Biden shouldn’t discard the constructive input from leaders in his party. But he must use it to build on the Abraham Accords, not roll them back.

The Middle East is moving in directions Washington can shape, but not totally control. The next U.S. administration should use this historic convergence of interests between Israel and the Arab-majority states to help place the region on a much stronger footing and greatly enhance the U.S.’ economic and security interests for the long term.

One of the features of the Abraham Accords was encouraging regional economic integration, such as this cooperation agreement between an Israeli and a UAE bank signed last year. Continuing to push such integration remains very much a US interest. 


Economic Integration: A key feature of the Abraham Accords is their focus on integrating Israel into the economies of the broader Middle East, many of which have stagnated due to sectarian conflict and political instability. Israel’s high-tech industry is perfectly positioned to partner with the oil-rich Gulf states to breed investments in clean energy, irrigation and information technologies. This collaboration is designed to help the UAE, Bahrain and Sudan wean off their dependence on fossil fuels, and also promote investments in the region’s less resource-rich countries.

The Biden administration can play a direct role in this economic awakening going forward. The Abraham Accords established a U.S.-backed fund that initially allocates $3 billion for the financing of regional business projects. This investment can grow over the next four years, and include the participation of American companies, universities and non-governmental organizations.

Middle East Peace: Israel, as part of its normalization agreement with the UAE in September, agreed to suspend its plans to annex parts of the West Bank last year. Many progressive Democrats argued the Abraham Accords rewarded Israel’s Prime Minister Benjamin Netanyahu for simply pulling back from a step that would have violated international law. The Biden administration can use Israel’s reversal on annexation to try and breathe life back into the Mideast peace process.

The blooming of economic ties between Israel and leading Arab-majority states can show to the Palestinian leadership the benefits of ending conflict and joining regional economic integration. Saudi Arabia, meanwhile, which hasn’t normalized relations with Israel, can use the prospect of this step as leverage to press Israel into moving forward with the creation of an independent Palestinian state. Israel’s leadership knows that its full acceptance into the Middle East can only happen once it formally forges diplomatic ties with Riyadh.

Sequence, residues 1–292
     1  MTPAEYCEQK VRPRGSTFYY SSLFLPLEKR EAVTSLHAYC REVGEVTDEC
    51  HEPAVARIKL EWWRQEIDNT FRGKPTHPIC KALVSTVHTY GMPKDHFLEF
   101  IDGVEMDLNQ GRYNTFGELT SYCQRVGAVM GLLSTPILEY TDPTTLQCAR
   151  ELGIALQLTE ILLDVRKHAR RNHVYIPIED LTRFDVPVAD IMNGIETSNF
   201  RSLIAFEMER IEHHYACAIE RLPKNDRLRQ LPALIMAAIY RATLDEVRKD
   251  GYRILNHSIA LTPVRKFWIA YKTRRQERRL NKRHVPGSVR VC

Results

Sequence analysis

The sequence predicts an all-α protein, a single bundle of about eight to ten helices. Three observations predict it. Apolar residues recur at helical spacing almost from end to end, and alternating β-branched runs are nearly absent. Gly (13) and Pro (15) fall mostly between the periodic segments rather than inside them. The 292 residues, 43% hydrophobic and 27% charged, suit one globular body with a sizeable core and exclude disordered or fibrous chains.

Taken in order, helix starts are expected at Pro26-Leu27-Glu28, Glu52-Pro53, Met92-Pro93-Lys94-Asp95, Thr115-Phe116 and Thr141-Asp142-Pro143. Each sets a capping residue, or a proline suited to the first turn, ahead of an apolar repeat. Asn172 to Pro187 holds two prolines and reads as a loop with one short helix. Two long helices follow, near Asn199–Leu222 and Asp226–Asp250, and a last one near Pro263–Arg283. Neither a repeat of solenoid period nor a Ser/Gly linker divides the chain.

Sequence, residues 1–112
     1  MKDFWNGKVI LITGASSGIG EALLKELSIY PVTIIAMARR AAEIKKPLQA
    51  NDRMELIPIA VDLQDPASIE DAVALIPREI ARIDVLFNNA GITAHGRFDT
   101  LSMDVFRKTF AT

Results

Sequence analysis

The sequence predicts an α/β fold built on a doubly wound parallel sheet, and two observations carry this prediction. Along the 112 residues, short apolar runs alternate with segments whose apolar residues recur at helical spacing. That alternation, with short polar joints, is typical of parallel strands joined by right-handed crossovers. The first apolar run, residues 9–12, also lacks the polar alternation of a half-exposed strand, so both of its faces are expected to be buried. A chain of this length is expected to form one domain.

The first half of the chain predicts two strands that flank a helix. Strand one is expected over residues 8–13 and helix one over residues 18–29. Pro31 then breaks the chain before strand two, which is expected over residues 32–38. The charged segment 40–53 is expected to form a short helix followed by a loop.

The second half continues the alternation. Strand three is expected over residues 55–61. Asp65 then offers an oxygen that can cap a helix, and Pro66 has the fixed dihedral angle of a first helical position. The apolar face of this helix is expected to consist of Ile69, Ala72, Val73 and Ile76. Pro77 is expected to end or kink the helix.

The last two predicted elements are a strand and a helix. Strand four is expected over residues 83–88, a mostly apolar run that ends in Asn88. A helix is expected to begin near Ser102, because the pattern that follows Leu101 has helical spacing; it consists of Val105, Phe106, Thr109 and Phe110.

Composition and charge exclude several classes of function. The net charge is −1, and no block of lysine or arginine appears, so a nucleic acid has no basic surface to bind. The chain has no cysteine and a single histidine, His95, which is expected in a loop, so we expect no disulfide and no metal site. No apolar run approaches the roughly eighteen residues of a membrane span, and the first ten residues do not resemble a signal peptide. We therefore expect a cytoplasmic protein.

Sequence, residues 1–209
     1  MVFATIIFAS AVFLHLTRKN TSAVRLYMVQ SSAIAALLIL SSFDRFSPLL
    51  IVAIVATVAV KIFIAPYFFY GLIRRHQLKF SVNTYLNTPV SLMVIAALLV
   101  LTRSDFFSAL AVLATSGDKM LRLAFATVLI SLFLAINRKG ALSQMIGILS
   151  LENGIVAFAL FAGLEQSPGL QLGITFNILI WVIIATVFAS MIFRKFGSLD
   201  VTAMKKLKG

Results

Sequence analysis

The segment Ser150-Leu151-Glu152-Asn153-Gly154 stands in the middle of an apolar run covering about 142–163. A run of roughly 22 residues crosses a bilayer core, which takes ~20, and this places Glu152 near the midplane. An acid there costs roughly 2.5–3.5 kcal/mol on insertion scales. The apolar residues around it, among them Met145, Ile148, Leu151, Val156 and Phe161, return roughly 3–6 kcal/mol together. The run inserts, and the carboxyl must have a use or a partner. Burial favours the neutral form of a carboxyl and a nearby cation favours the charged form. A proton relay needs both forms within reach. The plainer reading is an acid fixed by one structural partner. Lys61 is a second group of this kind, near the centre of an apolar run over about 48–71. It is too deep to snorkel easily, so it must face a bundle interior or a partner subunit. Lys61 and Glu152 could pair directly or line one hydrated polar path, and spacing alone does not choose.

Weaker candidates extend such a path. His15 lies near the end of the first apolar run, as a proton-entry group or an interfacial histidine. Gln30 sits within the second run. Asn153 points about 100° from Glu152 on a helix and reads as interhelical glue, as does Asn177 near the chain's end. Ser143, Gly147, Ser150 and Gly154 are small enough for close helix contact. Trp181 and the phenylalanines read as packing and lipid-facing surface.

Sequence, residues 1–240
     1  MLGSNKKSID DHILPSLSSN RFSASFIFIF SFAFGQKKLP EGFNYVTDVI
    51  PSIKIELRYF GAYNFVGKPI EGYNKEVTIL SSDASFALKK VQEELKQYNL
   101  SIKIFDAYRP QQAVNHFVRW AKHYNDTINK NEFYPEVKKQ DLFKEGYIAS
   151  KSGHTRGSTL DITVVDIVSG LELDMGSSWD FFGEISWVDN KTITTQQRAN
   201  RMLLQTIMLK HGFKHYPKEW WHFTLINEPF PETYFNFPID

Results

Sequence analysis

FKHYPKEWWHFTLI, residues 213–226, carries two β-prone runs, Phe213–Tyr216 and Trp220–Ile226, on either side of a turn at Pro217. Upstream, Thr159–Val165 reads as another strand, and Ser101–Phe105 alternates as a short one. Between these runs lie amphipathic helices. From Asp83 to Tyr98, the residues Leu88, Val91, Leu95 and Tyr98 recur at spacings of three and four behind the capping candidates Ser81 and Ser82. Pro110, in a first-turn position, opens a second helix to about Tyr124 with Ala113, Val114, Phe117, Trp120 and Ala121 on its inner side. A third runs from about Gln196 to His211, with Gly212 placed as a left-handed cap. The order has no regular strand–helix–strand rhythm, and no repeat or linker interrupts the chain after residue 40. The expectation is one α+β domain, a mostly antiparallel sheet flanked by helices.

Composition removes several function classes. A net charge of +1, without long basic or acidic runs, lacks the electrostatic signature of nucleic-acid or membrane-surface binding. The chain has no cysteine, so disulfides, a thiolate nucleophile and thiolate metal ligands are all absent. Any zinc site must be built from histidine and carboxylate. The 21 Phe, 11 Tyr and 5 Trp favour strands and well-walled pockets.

Iran: A key issue driving the Abraham Accords has been Israel and the Arab-majority states’ shared fears of Iran and its regional activities. The agreements formalize what has been years of covert security and intelligence cooperation between the Jewish state and these countries. Israeli drones, surveillance equipment and other high-tech gear are in high demand in Middle Eastern capitals.

President-elect Biden has pledged to return the U.S. to the Obama administration’s nuclear agreement with Iran, and build out broader pacts to constrain Tehran’s missile program and support for Mideast militias and terrorist groups. He should use the growing alliance between Israel and Arab-majority states as leverage to increase pressure on Tehran and highlight its regional isolation. This emerging economic and security bloc could serve as a symbol of the region’s potential if militancy and extremism are replaced by economic integration and dynamism. This new partnership should also play a role in helping the Biden administration shape these proposed new agreements with Iran.

Successive U.S. administrations, for more than 70 years and from both parties, have made the integration of Israel into the broader Middle East a cornerstone of American foreign policy. Now that it’s happening, Washington shouldn’t be a barrier to its expansion, but seek to underpin it. President-elect Biden has a unique position to shape this new Middle East in a way that best advances U.S. interests.

Jay Solomon is an adjunct fellow with The Washington Institute and a senior director at APCO Worldwide.